Grosvenor House Hotel:
A while ago I visited JW Steakhouse, one of the restaurants at the Grosvenor House Hotel. Loving the food, I was intrigued by the placement of an American style steakhouse in one of Park Lane’s leading London Hotels. A few weeks ago, I learnt more. Invited to tour the hotel and learn more about the history, I was soon enlightened.
While the Hotel is a very British institution, the original design of the hotel was intended specifically to cater for the American market. Replacing the original detatched house with a building that would provide apartments and hotel rooms suitable for American visitors to London, the architect L. Rome Guthrie worked with Edcaster Ltd who had acquired the site in the 1920s. The construction used many contemporary American methods, with over 4,000 tons of steelwork in each of the two blocks and the interiors included running iced water to each room and en-suite bathrooms throughout. Incredibly, the entire building was started in 1927 and completed just two years later. The austere and, at the time, tall building was controversial
An insult to the good taste and aesthetic judgement of the citizens of the metropolis
As one letter to The Times claimed.
An external colonnade and stone attic pavilions were designed by Lutyns to refine the American styling of the crowning top storey.
From the start there was a focus on accommodating American customers with one of the first American restaurants in London, the ‘Tudor restaurant’ serving American cuisine and there was even a sales office on Fifth Avenue. Visitors included Eisenhower, Sammy David Jr, Ella Fitzgerald and Jacqueline Onassis.
The Great Room was originally designed as an Ice Rink and in 1933 the seven year old Princess Elizabeth, the future Queen Elizabeth II, learnt to skate at the hotel. But, as competition in London intensified, the rink was closed and converted to provide the largest hotel banqueting space in London.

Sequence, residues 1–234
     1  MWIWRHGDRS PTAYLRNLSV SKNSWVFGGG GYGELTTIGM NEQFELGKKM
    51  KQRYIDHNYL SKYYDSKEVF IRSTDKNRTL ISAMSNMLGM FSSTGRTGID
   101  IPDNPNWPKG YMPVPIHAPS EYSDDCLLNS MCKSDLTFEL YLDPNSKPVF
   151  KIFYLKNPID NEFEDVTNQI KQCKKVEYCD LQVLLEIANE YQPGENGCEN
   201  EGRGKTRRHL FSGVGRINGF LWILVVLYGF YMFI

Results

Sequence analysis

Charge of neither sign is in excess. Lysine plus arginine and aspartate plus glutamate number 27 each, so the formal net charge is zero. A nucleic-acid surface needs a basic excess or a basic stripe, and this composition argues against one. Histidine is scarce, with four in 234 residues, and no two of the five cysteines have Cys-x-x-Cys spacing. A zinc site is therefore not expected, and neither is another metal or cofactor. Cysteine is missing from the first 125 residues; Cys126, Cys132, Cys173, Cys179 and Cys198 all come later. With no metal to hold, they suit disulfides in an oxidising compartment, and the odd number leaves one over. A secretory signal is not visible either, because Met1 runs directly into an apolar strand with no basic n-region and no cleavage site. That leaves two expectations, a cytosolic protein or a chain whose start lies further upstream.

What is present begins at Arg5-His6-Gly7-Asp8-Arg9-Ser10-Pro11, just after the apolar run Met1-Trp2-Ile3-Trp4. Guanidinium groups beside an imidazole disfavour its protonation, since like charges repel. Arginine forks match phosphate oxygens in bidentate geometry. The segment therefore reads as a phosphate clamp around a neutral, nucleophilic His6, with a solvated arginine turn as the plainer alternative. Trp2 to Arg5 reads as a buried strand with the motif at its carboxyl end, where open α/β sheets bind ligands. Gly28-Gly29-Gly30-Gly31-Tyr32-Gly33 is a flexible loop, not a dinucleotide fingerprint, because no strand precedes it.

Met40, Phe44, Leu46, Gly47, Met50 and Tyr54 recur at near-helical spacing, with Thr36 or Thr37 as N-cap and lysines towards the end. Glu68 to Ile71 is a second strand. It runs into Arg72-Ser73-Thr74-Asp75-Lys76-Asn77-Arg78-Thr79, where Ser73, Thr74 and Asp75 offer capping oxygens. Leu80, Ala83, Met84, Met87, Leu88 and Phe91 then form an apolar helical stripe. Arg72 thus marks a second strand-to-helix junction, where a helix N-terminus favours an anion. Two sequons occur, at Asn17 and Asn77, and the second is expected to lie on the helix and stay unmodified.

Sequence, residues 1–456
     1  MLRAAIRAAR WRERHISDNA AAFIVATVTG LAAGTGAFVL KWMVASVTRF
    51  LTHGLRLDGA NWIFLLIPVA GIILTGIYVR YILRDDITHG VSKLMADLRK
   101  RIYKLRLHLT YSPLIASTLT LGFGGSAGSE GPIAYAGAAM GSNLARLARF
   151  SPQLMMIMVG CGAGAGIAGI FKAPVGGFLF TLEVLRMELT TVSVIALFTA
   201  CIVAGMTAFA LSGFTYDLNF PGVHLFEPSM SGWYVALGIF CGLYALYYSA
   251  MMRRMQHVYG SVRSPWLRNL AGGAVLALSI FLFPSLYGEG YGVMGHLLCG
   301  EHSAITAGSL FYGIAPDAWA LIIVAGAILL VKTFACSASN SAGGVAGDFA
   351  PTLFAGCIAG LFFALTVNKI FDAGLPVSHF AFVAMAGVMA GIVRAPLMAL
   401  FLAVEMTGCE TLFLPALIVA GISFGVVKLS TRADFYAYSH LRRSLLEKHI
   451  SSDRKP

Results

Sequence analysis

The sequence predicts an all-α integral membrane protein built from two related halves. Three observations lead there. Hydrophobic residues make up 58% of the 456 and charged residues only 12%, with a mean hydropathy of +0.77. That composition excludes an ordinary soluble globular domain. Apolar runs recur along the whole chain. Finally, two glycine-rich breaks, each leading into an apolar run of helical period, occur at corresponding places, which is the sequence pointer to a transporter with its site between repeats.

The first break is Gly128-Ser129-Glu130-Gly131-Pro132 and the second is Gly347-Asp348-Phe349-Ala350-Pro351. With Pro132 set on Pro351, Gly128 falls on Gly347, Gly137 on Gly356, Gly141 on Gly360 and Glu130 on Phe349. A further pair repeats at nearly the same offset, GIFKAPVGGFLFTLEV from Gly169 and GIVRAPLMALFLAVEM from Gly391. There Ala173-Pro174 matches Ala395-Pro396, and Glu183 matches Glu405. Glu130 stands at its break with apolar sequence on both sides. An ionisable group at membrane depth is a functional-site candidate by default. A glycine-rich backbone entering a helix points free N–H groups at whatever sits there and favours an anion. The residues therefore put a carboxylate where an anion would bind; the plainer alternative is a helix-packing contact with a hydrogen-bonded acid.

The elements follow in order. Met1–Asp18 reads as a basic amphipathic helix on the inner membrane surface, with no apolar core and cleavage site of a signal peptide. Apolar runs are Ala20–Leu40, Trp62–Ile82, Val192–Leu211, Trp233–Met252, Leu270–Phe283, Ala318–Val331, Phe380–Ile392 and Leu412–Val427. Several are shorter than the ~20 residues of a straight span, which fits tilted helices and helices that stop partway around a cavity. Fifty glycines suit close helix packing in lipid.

The Hotel became the hub for London society, hosting the Queen Charlotte’s Ball, where debutantes were presented to the Queen each year until 1958. And, in 1934 A.O. Edwards, chairman of Grosvenor House (Park Lane) Ltd, purchased a de Haviland Comet, which he christened Grosvenor House, and entered in the MacRobertson Air Race to Australia. They won the race and celebrated with a dinner at the Grosvenor House Hotel. The plane is still on show in the Shuttleworth Collection at Old Warden in Bedfordshire.
Grosvenor House also played a part in the Second World War when it was used partly as an Officer’s Mess and partly to to provide a vast air raid patrol dormitory.
Walking round the rooms there’s a great sense of history. Yet, the Hotel has been beautifully updated, fusing traditional and contemporary styling to provide today’s guests with light, comfortable surroundings. The rebrand, for the 80th anniversary of the Hotel in 2009, aimed to restore the hotel to an environment of simple elegance, while retaining many of the original features.
Stepping back through time as I walked around the Hotel, it was easy to imagine the debutantes stepping down the stairs into the Great Room. It’s an elegant and iconic building and I am grateful to have learnt more about its fascinating history.
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